Since 2017 an investigative panel in the state of Missouri has been studying the feasibility of installing a 250 mile stretch of Hyperloop along the I-70 corridor between St. Louis, Columbia, and Kansas City. The study found that the Hyperloop could save the state up to $500 million annually in increased productivity thanks to reduced travel times, reduced fuel use, and fewer road accidents on I-70. That massive project cleared its first hurdle in the state house of representatives on Thursday.
The bill passing the house clarified that Missouri would indeed allow state transportation grants to apply toward “tube transport” devices. In this case “tube transport” refers to a vacuum mag-lev shuttle that can theoretically travel at up to 640 miles per hour. The state is apparently aiming to partially fund the proposed project if it does come to fruition, leaning on private equity to fund the remainder.
The intent for this project is to reduce the travel time from St. Louis to Kansas City in 30 minutes, a trip that currently takes around 4 hours by car. The cost to construct such a system is estimated to cost around $30 million per mile, which is comparable to what China claims it is currently spending per mile of non-elevated non-hyperloop traditional high-speed rail.
This news comes at a pivotal time in the relationship between Virgin Hyperloop One and the state of Missouri, as Missouri is currently in the second round of states pitching Hyperloop on adding a new 15-mile test track to their state. Members of the Missouri committee believe that securing the test facility in their state is crucial to the state’s chance of being the first to implement a full-blown Hyperloop cross-state travel system.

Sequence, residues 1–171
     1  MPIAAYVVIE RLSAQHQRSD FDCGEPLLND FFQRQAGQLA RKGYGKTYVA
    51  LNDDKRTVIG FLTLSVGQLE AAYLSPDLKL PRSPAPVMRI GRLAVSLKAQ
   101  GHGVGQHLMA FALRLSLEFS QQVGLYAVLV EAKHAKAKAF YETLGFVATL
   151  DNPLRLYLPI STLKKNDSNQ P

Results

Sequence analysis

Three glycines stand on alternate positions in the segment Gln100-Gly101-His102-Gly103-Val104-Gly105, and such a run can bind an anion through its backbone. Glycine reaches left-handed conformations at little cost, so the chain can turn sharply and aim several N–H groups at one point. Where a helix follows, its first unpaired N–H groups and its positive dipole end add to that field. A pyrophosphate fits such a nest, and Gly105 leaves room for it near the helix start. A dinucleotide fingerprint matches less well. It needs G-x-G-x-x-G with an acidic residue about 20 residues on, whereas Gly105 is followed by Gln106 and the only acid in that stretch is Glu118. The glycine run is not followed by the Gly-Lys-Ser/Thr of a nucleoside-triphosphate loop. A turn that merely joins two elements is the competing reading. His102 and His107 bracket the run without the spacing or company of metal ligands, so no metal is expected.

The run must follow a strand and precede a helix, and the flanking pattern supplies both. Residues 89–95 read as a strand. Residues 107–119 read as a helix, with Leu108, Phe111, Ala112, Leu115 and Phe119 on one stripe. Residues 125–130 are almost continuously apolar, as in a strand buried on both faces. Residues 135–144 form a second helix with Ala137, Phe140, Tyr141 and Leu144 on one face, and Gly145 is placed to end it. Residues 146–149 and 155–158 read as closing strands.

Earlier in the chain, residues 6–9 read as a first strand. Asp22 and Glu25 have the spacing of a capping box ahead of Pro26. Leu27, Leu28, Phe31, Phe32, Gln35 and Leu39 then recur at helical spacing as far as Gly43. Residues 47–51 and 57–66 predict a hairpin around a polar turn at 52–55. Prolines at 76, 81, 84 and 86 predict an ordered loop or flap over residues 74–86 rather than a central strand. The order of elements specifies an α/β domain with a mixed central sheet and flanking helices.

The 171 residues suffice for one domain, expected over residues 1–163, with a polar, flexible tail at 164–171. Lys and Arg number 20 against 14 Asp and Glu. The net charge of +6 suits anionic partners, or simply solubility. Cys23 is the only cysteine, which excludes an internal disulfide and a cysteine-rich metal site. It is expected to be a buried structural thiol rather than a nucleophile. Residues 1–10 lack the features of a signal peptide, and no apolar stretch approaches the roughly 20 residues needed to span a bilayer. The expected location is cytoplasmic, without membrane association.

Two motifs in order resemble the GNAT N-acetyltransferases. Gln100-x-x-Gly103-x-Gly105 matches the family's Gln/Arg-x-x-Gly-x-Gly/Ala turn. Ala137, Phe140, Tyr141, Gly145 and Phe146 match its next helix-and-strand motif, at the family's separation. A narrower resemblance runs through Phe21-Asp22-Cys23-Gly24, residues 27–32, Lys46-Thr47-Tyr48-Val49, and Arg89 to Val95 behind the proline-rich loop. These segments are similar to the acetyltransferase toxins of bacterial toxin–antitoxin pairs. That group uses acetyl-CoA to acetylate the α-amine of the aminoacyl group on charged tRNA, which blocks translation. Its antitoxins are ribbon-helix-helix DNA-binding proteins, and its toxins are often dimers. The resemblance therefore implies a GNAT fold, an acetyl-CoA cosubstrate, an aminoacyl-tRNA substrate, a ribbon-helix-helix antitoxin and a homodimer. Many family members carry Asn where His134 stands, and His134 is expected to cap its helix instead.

Reports indicate that the proposed test track could cost between $300 million and $500 million ton construct. Add in another $7.5 billion or so for the final I-70 project (at low estimate) and you’ve got about eight bil in expenditure for the full project. According to the panel’s study, a Hyperloop could create as many as 17,200 jobs and spur close to $3.7 billion in annual economic activity.
Of course, projects like this always cost more than projected, take longer than projected, and don’t create nearly as many jobs as projected. Hopefully this time the numbers stick, though.